Since the introduction of radial tyres beginning the 1970’s approx. 45 million tyres have been recalled in the US, mostly due to poor adhesion causing delamination and subsequently catastrophic failures with the danger of fatal accidents. Compared to 5,176,852 tyres recalled in the years 2004 to October 27, 2015 there is no change of the situation over the decades.
Furthermore “the recall system is completely broken”, because less than 20% of the recalled tyres were physically sent back to the manufacturers (NTSB). Millions of officially dangerous products remain on the roads – in the US as well as other countries of the world, where US recalled tyres are also sold.

The tyre industry is always emphasising the importance of safety, but the fact is the industry did not acquire and does not have the ability up to now of making strong and durable connections between the plies, that will deliver long term product reliability and manufacturing robustness.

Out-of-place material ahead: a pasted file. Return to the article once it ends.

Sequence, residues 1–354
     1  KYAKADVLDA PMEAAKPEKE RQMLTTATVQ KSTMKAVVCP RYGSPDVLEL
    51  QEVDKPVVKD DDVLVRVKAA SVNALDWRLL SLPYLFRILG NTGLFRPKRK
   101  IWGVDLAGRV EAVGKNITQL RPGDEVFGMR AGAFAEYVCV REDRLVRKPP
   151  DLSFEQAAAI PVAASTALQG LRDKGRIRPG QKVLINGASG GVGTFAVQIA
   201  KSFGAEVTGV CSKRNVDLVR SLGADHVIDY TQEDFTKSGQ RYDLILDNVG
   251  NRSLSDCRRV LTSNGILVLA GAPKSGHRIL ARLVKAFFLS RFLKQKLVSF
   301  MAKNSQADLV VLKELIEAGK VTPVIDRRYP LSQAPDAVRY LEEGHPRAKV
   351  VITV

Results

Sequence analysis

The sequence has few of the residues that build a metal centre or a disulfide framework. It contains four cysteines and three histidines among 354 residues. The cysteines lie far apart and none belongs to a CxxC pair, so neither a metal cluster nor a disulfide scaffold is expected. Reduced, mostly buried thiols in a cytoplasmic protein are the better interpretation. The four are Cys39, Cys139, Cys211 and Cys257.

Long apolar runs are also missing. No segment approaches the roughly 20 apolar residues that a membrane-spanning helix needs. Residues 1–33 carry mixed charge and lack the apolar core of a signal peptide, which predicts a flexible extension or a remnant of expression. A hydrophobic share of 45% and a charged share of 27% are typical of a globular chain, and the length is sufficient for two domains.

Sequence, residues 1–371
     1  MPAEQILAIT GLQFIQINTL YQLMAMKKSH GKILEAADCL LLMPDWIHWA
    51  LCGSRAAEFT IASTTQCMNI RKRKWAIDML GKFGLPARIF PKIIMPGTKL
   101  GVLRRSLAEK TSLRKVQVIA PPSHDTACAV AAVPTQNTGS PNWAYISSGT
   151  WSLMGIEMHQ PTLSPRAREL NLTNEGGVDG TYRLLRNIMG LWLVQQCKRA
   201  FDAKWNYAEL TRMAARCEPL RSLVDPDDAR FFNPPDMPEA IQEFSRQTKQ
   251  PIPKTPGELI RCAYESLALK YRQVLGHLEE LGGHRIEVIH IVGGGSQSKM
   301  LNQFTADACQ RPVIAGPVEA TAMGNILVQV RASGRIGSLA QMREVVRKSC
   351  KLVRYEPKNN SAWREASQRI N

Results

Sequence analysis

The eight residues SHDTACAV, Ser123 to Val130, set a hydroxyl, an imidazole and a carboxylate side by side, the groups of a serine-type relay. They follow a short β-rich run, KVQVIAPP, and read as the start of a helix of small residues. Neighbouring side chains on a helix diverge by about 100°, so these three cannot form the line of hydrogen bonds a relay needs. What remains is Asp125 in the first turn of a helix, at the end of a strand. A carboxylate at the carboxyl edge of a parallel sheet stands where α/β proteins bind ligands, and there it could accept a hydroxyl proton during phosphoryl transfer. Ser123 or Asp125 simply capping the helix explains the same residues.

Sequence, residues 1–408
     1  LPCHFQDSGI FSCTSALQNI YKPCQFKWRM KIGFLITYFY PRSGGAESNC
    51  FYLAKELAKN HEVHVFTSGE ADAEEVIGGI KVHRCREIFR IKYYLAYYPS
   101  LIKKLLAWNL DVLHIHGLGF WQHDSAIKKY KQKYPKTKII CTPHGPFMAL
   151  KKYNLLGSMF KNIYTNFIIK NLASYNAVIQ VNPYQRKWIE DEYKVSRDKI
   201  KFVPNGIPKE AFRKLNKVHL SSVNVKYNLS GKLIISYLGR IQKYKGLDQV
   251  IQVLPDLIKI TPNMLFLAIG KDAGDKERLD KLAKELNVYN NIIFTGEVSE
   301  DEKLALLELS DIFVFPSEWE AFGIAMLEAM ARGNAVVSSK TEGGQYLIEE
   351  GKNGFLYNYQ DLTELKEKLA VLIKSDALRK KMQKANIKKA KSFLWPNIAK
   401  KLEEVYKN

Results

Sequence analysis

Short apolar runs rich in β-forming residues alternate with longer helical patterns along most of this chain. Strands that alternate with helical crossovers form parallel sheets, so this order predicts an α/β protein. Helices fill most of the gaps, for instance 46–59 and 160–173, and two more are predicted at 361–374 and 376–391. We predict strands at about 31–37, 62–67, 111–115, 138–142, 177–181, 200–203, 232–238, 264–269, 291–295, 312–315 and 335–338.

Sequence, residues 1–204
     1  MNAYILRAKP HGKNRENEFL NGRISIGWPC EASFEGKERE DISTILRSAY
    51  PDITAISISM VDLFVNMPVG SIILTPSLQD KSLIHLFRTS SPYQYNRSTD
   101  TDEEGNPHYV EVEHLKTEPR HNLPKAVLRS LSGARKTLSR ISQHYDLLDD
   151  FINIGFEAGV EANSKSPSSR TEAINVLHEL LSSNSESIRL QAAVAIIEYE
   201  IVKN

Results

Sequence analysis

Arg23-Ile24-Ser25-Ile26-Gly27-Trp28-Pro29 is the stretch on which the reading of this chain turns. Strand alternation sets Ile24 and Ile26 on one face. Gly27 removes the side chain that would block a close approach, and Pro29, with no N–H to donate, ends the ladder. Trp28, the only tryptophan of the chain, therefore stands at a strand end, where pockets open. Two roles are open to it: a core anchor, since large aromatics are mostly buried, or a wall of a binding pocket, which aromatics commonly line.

It is therefore still a most pressing goal, to use the know-how and experience of other industries like aircraft or chemical industry, to perfect the existing design of radial tyres mainly in view of suppressing delamination / separations, as the most common mode of failure.

 

Delamination

 

Delamination is a serious subject of concern in engineering application of composite materials, because of the resulting degradation of structural integrity. The phenomenon arises because fibers lying in the plane of a ply do not provide reinforcement through the thickness and so the composite strength relies on the relatively weak matrix or adhesive layer to carry loads in z-direction. To mitigate the risk of failure, composite structures are reinforced.
The main toughening methodes are: Knitting, 3D-weaving, tufting and z-pinning or
conventional mechanical fasteners.
The result of application: High mechanical stability and the dispersion of the dynamic forces via the adhesive joints and the mechanical fasteners. The combination of adhesive bonding and mechanical fastening is an effective way for a fail-safe design and allows for example to manufacture primary aircraft composite structures.